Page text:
Leftover Mashed Potato Flatbread

By • February 4, 2010 21 Comments

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Author Notes: Potato has always been a magical, light-as-air ingredient in bread baking, especially when using leftover cooking water as the liquid in yeast breads. This flatbread recipe takes that idea one step further, with the addition of mashed potatoes into the yeast dough. We love this flatbread paired with soup or salad for lunch or a light supper. Feel free to change up the additions or herbs!MrsWheelbarrow

Food52 Review: WHO: Mrswheelbarrow is a long-time Food52 member and author of Mrs. Wheelbarrow's Practical Pantry.
WHAT: A happy (crusty, warm, bready) home for Thursday's mashed potatoes.
HOW: Grab your container of Thanksgiving mashed potatoes out of the fridge, and mix them together with flour, yeast, and rosemary to make a dough. Bake with roasted tomatoes and kalamata olives on top and eat with turkey (if there's any left!).
WHY WE LOVE IT: Mashed potatoes never quite retain the same buttery, smooth goodness that they have when they come out of the pot (or casserole dish!), but even potatoes deserve second chances. This recipe gives them a new, fluffy life—that just so happens to pair perfectly with Thanksgiving sandwiches.
The Editors

Makes 2 flatbreads

  • 1 1/2 cups warm water
  • 2 teaspoons baker's yeast
  • 1 cup leftover mashed potates, with or without skin
  • 3 to 4 cups flour (I use bread flour, but all-purpose works fine), divided
  • 1 tablespoon salt, divided
  • 1 tablespoon chopped fresh rosemary, divided
  • 3 tablespoons olive oil, or use 1/2 olive and 1/2 oil from the tomatoes
  • 1/4 cup rough-chopped, well drained pitted niçoise or kalamata olives
  • 1/4 cup rough-chopped, well drained oil-packed roasted tomatoes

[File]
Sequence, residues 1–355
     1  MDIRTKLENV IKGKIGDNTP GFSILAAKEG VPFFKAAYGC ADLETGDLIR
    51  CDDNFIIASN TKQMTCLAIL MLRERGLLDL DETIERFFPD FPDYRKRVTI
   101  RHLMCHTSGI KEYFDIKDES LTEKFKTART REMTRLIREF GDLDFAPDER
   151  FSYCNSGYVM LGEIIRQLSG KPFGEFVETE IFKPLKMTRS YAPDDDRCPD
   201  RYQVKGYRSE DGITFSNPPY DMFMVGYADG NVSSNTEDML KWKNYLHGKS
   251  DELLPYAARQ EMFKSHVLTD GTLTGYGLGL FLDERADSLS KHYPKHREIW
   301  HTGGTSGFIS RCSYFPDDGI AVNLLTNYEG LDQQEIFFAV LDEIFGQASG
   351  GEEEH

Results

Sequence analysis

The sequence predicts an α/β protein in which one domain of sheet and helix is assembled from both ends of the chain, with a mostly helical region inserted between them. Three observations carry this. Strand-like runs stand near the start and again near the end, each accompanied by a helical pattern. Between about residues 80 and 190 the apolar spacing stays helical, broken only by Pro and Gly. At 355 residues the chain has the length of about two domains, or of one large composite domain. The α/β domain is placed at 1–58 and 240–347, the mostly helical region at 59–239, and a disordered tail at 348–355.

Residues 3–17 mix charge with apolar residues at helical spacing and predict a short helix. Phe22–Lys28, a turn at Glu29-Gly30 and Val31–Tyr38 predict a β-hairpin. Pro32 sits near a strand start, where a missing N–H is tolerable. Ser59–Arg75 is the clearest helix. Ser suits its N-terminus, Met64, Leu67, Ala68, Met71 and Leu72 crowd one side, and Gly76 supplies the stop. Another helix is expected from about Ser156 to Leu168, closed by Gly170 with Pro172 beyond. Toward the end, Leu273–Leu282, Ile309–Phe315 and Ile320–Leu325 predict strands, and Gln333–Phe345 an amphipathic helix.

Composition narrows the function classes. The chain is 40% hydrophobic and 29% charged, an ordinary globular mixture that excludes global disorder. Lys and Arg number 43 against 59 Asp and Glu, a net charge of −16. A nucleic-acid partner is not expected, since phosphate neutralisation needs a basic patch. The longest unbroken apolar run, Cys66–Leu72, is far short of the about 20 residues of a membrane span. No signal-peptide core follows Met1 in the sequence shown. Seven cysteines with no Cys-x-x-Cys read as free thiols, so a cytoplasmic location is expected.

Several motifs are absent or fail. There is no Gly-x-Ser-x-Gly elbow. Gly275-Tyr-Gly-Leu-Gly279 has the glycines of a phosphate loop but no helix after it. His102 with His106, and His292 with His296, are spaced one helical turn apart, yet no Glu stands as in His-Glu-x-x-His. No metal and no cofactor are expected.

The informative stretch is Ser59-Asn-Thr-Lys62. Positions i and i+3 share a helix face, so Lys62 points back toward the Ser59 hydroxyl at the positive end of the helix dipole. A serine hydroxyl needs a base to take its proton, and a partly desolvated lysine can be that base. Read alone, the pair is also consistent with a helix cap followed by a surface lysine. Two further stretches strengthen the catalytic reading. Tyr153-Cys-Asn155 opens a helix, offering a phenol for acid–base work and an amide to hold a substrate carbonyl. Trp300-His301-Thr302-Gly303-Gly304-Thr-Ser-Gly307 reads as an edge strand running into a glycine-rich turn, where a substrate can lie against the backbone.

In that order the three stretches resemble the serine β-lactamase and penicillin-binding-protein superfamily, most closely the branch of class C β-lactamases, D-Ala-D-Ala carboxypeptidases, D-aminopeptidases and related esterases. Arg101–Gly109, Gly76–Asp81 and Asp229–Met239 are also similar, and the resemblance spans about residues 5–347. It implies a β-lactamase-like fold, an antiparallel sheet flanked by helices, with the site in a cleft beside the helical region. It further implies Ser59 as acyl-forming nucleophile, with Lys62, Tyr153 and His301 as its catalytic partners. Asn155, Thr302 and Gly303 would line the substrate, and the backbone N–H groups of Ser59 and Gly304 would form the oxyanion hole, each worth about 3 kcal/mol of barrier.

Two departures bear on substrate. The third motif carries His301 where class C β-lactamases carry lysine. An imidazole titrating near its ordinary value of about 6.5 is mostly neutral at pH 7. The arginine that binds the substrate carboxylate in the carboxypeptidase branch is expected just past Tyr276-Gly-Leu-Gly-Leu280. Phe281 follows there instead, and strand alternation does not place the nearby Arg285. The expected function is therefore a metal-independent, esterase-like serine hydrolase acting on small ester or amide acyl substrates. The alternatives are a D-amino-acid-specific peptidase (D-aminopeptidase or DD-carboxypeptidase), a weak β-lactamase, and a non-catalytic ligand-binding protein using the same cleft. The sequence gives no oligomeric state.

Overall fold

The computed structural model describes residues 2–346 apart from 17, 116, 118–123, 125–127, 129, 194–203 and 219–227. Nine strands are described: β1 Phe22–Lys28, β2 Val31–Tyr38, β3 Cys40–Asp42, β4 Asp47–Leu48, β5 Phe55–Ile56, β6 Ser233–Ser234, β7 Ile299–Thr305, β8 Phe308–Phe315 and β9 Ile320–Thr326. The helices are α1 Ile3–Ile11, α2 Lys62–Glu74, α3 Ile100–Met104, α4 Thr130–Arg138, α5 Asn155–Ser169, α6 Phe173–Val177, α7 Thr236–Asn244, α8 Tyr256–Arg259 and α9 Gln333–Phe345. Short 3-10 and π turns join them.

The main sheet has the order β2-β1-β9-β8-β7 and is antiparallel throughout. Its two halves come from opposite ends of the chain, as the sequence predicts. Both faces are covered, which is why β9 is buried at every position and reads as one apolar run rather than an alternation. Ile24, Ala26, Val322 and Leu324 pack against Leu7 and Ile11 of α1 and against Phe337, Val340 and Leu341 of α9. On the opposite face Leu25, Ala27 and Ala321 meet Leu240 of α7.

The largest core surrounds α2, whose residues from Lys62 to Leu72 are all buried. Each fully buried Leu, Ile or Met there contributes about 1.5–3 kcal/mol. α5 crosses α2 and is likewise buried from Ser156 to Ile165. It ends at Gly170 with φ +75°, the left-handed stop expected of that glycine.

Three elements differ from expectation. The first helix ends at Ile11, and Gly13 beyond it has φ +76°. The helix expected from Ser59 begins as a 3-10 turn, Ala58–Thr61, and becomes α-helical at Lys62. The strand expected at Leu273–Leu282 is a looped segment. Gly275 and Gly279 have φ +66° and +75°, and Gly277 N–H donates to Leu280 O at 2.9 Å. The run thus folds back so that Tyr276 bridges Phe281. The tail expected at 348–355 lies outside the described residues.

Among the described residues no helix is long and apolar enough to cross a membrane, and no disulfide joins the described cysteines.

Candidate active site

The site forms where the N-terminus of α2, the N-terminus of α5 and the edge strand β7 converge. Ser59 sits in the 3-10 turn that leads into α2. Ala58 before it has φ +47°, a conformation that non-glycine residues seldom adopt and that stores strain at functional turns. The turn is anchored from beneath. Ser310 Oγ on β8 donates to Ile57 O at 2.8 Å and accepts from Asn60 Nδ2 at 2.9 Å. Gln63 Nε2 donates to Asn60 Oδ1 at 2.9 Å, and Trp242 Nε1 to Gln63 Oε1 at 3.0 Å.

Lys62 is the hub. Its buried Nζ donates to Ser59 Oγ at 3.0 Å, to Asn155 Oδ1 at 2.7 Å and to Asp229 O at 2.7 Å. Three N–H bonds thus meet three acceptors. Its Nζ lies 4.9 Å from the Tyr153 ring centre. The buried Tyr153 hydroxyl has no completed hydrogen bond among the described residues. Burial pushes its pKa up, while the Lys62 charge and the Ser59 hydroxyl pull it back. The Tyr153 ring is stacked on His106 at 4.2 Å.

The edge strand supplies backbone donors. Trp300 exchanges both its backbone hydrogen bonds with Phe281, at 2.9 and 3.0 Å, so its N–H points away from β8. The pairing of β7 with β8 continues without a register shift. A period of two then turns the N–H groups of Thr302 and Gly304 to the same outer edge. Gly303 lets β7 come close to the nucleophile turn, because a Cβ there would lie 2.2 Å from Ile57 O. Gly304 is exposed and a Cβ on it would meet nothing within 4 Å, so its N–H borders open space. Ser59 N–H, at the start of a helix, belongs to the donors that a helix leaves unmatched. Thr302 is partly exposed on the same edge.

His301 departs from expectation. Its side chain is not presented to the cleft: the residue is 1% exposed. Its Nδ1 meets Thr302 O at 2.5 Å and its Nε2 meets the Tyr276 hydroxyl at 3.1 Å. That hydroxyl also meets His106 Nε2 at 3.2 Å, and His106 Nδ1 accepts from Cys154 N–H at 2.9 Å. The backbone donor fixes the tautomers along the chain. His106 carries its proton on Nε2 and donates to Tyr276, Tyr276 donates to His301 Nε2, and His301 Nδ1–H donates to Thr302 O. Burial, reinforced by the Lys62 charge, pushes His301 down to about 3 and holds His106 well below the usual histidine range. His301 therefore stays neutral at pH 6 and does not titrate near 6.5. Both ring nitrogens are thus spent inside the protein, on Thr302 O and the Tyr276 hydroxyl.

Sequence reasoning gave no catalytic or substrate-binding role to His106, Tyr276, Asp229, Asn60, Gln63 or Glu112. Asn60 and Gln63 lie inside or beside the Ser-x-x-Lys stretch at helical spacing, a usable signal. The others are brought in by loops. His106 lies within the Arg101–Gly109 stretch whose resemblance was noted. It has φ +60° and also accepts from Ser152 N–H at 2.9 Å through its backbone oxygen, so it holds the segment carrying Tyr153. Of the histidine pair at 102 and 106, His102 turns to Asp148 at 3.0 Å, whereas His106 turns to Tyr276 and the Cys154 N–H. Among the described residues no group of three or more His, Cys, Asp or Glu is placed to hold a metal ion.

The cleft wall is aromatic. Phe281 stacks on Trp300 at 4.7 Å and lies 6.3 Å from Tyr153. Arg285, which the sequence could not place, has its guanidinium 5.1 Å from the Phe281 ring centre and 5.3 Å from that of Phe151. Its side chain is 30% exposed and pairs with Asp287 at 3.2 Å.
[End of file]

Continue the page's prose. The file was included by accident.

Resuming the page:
1. In a large bowl, whisk together yeast and water and allow to bloom for 5 minutes.
  2. Mix together with the potatoes, 1 cup flour, and 2 teaspoons each rosemary and salt, and allow to rest and absorb for 10 minutes.
  3. Add 2 more cups of flour and stir until the dough starts to come together in a shaggy mass. Add the yeast and turn out onto a floured surface and allow to rest for 10 minutes (while washing and drying the bowl, which you will use again.)
  4. Gently knead the dough. Lift it from one side using a bench scraper, fold, and rotate a quarter-turn. Then lift, fold, and turn again. Do this several times until the dough has come together and is soft and elastic. Be gentle. You want to retain little pockets of potato. Add as little additional flour as possible. Instead, if the dough becomes sticky, allow the dough to rest, to absorb the flour, and then continue to knead until the dough is soft and elastic.
  5. Place the ball of dough into a well-oiled bowl and cover with a towel. Allow to rise for 1 1/2 hours. For a more rustic bread, allow to rise slowly in the refrigerator for up to 24 hours.
  6. When the dough has risen, line a sheet pan with parchment paper and oil the parchment well. Gently roll the dough out of the bowl onto the parchment. Divide the dough into two pieces and press the two breads out into rustic rounds or rectangles. Cover loosely and allow to rise for an hour.
  7. Preheat the oven to 425° F. Make dimples in the top of the dough with your fingertips and dab all over with the oil. Sprinkle with olives, tomatoes, and the remaining 2 teaspoons each of coarse salt and rosemary.
  8. Bake for 25 to 30 minutes. The bread should read 190° F degrees when it is done. Cool on a rack.

More Great Recipes: Potatoes|Bread, Rolls & Muffins|Pizza|Sandwiches|Side Dishes

Topics: Appetizers, Bread, Comfort Food, Holiday Entertaining, Potatoes

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